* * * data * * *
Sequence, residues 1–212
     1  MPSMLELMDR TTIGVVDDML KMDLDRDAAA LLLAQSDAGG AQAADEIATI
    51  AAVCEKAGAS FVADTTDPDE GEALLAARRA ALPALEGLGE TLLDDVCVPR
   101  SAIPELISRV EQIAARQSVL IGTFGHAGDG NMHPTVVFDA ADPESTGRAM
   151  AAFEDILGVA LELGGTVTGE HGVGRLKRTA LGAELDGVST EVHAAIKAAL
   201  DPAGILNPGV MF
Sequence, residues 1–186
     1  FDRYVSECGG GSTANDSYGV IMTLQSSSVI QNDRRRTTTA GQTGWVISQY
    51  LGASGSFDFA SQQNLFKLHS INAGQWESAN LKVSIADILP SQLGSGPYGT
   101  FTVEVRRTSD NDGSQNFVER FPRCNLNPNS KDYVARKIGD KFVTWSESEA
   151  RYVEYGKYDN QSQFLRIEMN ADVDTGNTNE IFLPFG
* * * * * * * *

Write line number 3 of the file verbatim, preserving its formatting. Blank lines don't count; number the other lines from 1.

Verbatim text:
    51  AAVCEKAGAS FVADTTDPDE GEALLAARRA ALPALEGLGE TLLDDVCVPR